How I do this in practice

Here’s some practical points on how I actually do this in interviews:  

  • For each fresh interview cycle, I create a set of predict-the-output exercises that start really easy, then get harder.  My current set starts off with a basic function call, then multi-level function calls, then recursion, then side-effects.  These are generally “pretend” functions that are meant to give the candidate some quick success and give me some clues on how the rest of the interview will go.   For more advanced questions, I pull code from stuff I’ve written.   My current “hard” questions explore ability to make abstractions while reading and also following asynchronous operations.   (Some other things that make good reading are unlabeled routines that execute well-known algorithms such as sorts or tree traversals, and finding bugs from error output.)
  • Before I ask my questions to candidates, I calibrate my questions against people I work with so I have a realistic expectation for how to gauge the skill of the candidates.  Calibrating the questions also helps me refine them and weed out confusing parts.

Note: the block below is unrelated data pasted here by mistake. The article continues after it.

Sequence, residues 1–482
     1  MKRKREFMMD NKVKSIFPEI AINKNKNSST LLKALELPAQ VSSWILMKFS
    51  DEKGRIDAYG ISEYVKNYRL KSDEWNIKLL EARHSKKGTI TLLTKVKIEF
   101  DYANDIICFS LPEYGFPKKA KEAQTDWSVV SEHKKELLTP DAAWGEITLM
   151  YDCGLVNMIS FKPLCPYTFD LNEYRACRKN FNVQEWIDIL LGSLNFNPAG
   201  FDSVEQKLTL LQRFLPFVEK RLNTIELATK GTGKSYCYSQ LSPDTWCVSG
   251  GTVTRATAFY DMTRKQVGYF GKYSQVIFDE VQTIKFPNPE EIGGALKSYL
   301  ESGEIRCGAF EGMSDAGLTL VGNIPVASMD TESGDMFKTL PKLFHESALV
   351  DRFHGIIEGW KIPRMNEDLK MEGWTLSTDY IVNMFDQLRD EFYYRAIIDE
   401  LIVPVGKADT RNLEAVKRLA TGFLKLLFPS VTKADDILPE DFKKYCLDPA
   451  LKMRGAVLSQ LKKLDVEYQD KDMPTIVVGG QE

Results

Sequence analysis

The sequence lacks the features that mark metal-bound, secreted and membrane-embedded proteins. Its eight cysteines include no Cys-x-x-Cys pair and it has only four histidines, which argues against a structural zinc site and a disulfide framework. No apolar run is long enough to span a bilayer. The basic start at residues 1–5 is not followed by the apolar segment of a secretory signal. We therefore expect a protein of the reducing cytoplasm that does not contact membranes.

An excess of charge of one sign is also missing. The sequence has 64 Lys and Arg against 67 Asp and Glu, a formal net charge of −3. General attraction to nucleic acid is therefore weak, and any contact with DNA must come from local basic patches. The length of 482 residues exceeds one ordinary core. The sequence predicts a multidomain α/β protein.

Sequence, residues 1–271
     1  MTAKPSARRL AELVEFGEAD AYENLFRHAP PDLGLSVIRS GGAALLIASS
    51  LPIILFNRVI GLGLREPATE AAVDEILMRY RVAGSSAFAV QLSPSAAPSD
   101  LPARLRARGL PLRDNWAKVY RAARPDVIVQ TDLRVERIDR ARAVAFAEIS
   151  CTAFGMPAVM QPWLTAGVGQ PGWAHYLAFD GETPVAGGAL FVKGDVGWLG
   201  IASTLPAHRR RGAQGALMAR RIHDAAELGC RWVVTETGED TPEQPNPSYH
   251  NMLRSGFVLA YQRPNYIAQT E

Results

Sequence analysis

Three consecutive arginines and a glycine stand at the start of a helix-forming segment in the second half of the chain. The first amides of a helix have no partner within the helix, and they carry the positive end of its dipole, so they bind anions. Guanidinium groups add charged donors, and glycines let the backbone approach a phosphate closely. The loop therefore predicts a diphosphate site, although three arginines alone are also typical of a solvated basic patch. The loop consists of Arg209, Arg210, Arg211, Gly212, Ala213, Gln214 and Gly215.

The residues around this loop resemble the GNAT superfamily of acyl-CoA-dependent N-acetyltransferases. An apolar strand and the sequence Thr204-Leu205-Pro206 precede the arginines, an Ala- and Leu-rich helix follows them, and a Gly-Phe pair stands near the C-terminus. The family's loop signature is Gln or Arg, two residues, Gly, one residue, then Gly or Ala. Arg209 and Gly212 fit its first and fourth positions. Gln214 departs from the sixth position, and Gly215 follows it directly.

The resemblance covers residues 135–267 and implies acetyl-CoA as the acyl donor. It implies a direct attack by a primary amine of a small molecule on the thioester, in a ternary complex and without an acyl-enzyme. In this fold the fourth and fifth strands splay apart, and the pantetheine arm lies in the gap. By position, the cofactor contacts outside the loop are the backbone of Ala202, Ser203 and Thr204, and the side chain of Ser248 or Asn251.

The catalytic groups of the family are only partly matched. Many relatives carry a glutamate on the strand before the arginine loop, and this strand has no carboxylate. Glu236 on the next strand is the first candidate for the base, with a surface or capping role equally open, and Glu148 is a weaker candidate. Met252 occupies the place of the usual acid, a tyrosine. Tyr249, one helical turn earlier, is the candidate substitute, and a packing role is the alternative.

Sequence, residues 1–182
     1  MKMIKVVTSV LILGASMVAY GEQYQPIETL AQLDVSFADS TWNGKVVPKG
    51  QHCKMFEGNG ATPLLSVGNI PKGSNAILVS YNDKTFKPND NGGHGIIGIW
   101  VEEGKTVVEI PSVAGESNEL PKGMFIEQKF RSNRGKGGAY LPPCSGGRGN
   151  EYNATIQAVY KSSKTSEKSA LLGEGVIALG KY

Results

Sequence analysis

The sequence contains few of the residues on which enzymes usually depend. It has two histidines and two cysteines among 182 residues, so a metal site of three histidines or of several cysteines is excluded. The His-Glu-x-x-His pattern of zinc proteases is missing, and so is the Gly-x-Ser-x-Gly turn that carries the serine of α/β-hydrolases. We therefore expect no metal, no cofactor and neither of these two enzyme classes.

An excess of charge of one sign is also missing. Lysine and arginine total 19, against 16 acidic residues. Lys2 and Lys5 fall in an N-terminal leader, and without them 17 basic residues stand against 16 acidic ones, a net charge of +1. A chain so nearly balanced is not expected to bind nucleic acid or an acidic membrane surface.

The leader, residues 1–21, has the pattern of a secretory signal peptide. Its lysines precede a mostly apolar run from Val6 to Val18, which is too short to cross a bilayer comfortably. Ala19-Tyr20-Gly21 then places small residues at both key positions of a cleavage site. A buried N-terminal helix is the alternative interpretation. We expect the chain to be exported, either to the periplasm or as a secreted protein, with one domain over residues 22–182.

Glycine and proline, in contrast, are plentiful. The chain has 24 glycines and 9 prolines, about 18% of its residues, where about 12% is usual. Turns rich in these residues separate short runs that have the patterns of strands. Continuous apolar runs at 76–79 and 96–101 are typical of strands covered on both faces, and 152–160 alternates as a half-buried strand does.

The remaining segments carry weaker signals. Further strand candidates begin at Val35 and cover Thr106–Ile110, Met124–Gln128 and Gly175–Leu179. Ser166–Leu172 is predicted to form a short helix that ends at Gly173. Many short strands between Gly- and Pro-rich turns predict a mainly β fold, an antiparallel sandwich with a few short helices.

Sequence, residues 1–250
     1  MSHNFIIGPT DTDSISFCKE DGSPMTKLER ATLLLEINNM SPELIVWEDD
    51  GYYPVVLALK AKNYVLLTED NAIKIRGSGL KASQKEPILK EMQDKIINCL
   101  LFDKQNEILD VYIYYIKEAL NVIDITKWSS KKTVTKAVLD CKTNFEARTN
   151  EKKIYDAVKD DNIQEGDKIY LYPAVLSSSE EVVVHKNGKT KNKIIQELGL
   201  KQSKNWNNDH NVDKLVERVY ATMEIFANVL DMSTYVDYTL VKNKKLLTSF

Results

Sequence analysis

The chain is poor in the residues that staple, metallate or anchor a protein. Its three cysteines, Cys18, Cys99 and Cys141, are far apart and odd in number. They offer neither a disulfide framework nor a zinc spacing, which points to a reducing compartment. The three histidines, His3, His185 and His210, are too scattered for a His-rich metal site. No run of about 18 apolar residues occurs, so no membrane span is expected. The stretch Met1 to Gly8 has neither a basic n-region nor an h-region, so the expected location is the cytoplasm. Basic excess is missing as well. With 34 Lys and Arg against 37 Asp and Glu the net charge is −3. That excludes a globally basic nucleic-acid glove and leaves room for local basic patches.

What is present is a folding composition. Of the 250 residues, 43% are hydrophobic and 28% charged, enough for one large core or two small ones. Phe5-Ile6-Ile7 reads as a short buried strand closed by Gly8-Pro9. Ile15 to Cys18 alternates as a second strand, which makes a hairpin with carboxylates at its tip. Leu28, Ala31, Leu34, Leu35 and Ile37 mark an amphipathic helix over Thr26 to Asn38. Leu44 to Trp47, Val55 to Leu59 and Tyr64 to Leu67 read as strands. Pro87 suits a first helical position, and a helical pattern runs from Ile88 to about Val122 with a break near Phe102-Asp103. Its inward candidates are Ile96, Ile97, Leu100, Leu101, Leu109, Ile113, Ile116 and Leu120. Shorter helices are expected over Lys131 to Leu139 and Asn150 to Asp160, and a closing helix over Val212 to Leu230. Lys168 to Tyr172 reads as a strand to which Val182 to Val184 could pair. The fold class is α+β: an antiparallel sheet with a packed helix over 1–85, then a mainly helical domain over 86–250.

• At the start of the interview, I explain:
    • I’m NOT testing knowledge of syntax.  Treat me like an AI-enabled google and I will just tell you what some function or operator does.
    • I don’t expect you to finish because nobody does. We will stop after 20 minutes.
    • I don’t expect you to get answers correct.  If the answer is wrong, I would love to see you go back and debug your thinking.  This is just as valuable to me as anything else.
  • The test goes like this: 
    • I show a commented line of code that will call some function and return an output. 
    • The candidate reads the code and predicts the output
    • I uncomment the line and run the program so they can see the answer.   
    • If the answer is different than their prediction, they go back and explain why. 
  • I give the candidate 20 minutes to get as far as they can.  This gives me extra time to ask follow-on questions.    In the interview report, I write how far they got and what strengths and weaknesses they showed.  

Obviously, these special codeing skills are not the only thing to probe for in interviews.   Domain knowledge and cultural fit are important, however I find that reading does a great job weeding out candidates who do not fit where it counts the most.

Some of you might want to know how to develop your skills to do well in such an interview.   My answer is simple:  write lots and lots of code because there is no substitute for regular practice. How to get practiced?  The easiest way is to crank up some non-trivial side projects that you care about.   A game, a web site, an app, … whatever.    Target 4-8 hours per week of getting into code you care about and make it something you like to use and are proud to show off.    (Also, it helps to host it somewhere and put the source on github so that future employers can see your activity and get a sense of how you work. ) 

Hope this helps